This feeling is further enhanced by the soft tone of Christian's vocals, which always seem to provoke a feeling of floating above the music, no matter how heavy it gets. The vocals simultaneously feel a part of and apart from the music, and I really can't get enough of them. There are some bands that I wish were instrumental, but I couldn't imagine Avandra without vocals. This brings me to the surprise of the album, and although I've not (yet) read any reviews for Skylighting (preferring to avoid doing so until I have completed and submitted my own), I am sure of a point that will be raised in many of them: the harsh vocals in the final moments of Afferent Realms. The more djenty sound of Afferent Realms caught me off-guard, on first listen anyway, but those harsh vocals blew me away. I don't think I would ever have expected to hear harsh vocals on an Avandra album. To be honest, they do work really well, but I'm glad they are as short-lived as they are. They make a real impact, and I'd not change them ' but I do hope this does not signal a greater use of them in the future.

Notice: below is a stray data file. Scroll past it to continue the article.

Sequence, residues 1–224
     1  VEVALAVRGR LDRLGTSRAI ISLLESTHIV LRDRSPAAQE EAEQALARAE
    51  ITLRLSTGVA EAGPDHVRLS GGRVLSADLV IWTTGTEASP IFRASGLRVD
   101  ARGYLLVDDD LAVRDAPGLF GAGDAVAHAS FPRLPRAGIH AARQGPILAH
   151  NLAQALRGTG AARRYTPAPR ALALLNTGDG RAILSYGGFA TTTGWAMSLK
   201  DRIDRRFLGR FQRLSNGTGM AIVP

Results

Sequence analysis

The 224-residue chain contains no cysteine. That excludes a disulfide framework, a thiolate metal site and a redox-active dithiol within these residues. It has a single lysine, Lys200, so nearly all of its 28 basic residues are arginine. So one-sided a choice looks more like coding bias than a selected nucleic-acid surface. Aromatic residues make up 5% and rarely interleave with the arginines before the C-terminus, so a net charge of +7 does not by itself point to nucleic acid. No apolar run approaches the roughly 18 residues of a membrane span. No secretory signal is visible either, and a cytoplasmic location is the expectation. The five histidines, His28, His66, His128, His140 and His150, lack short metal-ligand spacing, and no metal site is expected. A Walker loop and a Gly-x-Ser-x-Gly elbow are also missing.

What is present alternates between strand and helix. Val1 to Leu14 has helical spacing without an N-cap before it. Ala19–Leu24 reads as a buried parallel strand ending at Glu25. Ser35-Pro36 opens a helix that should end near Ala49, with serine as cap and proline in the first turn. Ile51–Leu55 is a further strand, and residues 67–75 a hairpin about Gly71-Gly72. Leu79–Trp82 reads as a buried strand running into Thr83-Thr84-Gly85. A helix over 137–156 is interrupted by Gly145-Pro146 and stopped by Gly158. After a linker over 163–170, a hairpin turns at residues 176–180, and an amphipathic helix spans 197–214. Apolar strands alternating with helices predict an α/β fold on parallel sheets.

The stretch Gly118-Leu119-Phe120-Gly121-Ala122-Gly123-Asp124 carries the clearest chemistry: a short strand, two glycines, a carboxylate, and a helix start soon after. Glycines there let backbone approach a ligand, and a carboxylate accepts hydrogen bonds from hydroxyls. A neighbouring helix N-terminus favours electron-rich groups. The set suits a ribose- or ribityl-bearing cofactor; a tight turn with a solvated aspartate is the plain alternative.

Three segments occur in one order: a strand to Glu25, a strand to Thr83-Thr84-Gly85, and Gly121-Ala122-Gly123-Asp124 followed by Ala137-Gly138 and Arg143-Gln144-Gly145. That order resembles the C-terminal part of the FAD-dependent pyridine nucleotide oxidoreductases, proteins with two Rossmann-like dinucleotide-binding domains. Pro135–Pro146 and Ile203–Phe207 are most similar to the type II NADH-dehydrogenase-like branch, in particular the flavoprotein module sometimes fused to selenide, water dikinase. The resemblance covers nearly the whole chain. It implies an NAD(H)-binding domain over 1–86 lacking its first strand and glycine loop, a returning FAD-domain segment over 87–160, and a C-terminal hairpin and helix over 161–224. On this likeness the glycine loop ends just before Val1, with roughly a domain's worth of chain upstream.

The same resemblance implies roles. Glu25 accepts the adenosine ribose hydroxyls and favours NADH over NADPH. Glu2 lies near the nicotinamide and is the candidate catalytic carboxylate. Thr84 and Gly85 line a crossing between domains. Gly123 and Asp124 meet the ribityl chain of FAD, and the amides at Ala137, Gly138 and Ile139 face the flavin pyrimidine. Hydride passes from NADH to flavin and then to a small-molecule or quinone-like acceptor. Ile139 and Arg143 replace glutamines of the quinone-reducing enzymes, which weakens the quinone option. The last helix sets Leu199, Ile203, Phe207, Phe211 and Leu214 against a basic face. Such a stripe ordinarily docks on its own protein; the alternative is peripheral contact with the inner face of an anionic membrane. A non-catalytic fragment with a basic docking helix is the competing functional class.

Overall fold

My only complaint (if I can even call it that) about Descender, was that it was perhaps overly long. There's not a song I don't enjoy, so I don't know what I would change, but it did feel as if it could have been better if it were shorter. Skylighting is a good twenty or so minutes shorter, and has what feels like a perfect length. Nothing ever feels like it outstays its welcome. The centrepiece, Eternal Return, is the lengthiest track at just under ten minutes. This impressive song definitely deserves its spot at the centre of the album, and I'm sure will be a firm favourite of many listeners. It's extended passages definitely give a chance for the band to show their prowess and technical skills (without resorting to the wankery that so much prog metal does). Like the album as a whole, Eternal Return is rich, stirring and enveloping ' wrapping the listener in a warm and fuzzy embrace. As accessible, engaging and immersive as Descender was, Skylighting is even more so. Overall, everything about this album is an improvement on the previous ' and that's saying an awful lot, as Descender is an incredibly good album.